Winter storm Aapeli brings near-hurricane strength winds

No injuries reported so far in Åland, despite the islands taking the brunt of the storm.

Picture of Mariehamn in Åland after storm / Credit: Mariehamns stad FB

A major winter storm has hit Finland, with Åland one of the most affected areas.

Storm Aapeli brought winds of 32.5 metres per second, a new Finnish high.

“That is the highest wind speed that we have measured ever before at sea areas. The last time was in 1971 and it was 31 metres per second” says meteorologist Eveliina Tuominen at the Finnish Meteorological Institute FMI.

Those wind speeds are close to hurricane strength 33 metres per second.

“It was really close, but not quite” says Tuominen.

The high winds also came with heavy overnight snow, up to 20cm in parts of central Finland.

Åland worst affected

The storm caused widespread problems in Åland.

For a while all the main roads were closed but in a press conference this morning officials said Åland’s highways had been reopened, however safety on smaller roads could not be guaranteed.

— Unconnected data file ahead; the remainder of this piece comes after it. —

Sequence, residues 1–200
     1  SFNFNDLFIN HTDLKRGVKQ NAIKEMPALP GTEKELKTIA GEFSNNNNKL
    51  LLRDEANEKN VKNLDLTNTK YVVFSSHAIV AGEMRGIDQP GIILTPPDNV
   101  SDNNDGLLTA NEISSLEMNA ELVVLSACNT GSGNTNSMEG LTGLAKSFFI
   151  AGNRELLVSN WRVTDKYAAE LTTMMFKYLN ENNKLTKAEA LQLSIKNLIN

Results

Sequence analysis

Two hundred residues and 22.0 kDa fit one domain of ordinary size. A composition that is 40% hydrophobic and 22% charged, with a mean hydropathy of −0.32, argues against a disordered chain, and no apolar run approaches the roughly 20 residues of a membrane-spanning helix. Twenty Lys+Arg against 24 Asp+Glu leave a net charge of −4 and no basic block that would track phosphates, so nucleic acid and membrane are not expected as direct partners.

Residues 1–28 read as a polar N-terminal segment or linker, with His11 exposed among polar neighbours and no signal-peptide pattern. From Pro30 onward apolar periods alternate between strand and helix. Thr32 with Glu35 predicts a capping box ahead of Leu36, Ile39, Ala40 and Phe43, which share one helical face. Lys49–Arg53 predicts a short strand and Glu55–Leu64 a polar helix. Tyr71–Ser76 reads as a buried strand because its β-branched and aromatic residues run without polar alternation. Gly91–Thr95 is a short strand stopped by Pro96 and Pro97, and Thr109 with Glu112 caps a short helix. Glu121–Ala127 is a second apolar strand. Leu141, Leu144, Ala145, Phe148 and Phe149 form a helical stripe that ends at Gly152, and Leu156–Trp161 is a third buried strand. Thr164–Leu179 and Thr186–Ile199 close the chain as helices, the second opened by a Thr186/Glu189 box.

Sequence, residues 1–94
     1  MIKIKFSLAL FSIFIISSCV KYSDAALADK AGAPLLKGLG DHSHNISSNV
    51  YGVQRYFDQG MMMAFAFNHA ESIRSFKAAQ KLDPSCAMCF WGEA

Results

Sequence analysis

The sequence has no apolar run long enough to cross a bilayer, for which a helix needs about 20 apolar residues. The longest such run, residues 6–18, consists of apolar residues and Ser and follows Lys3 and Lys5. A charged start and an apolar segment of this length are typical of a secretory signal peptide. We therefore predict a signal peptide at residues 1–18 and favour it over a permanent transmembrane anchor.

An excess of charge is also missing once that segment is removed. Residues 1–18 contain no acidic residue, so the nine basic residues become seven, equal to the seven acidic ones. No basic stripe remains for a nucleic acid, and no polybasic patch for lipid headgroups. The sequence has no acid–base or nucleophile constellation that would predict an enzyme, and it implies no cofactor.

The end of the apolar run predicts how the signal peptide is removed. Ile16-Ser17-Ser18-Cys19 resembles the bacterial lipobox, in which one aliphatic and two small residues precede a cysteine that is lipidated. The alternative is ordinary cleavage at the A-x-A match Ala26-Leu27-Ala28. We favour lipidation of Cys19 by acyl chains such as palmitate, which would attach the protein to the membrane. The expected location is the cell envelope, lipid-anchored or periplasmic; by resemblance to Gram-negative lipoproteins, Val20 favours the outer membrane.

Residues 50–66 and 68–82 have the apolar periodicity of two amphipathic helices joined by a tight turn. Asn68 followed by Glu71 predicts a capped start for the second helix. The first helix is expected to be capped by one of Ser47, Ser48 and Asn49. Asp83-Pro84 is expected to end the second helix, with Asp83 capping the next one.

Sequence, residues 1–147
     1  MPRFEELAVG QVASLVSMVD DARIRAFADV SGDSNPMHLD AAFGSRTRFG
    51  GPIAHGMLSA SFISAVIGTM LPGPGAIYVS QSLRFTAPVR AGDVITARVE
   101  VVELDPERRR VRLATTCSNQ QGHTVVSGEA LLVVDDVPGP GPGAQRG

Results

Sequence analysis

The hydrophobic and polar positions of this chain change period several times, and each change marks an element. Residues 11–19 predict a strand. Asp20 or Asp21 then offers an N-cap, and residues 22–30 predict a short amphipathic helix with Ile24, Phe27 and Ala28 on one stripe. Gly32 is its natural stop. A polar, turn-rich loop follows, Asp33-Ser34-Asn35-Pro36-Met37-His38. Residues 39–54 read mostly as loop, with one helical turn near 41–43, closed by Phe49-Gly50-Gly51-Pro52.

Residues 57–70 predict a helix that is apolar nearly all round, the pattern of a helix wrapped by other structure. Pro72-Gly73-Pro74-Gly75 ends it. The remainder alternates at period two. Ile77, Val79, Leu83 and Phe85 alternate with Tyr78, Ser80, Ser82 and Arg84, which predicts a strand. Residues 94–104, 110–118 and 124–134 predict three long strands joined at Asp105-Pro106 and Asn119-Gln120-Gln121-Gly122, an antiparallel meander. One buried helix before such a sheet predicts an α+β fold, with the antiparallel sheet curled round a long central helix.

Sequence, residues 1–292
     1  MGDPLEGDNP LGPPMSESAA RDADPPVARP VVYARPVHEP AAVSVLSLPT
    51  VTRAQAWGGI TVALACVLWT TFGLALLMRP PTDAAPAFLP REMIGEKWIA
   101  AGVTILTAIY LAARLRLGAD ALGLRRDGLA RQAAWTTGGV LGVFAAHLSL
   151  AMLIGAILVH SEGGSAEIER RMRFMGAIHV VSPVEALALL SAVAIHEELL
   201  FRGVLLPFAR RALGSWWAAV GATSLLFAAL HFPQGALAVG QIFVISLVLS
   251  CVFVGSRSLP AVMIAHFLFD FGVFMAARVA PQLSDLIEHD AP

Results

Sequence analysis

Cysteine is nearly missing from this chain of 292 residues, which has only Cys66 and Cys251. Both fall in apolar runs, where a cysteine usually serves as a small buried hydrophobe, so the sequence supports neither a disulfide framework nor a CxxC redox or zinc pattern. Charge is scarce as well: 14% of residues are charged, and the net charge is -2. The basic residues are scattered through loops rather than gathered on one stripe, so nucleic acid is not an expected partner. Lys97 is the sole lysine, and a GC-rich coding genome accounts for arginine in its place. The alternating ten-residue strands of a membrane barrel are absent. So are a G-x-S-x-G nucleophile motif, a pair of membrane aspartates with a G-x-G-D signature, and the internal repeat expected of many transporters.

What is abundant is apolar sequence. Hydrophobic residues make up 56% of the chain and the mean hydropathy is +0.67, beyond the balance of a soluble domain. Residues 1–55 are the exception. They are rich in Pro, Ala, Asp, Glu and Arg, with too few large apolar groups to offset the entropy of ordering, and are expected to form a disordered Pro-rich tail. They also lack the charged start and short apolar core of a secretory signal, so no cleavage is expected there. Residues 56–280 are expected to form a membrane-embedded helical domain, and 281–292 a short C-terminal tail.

“Very many homes are still without electricity, and lots of trees have fallen on the roads. Our advice to people is to stay at home” says Ted Andersson from Åland Rescue Department.

“Power lines are damaged, and very many cars and house roofs are damaged in the wind, but there are not so far any injuries” Andersson tells News Now Finland.

Thousands of households are still without electricity, mostly outside of Mariehamn.

Ferries diverted from port

Due to the high winds, overnight ferry services didn’t stop at Mariehamn, and although the winds were strong, the direction wasn’t as bad as it could have been for ships.

“The ships leaving from Helsinki and Turku and Stockholm, traveling between Finland and Sweden, they didn’t stop at Åland last night, but that is a normal situation when it is tough winds, and it happens every now and then” says Christa Grönlund, Communications Manager at Viking Line.

“Of course when it is windy you can feel it when you travel, that’s for sure. The ferries are used to these kind of storms so they know what to do” she adds.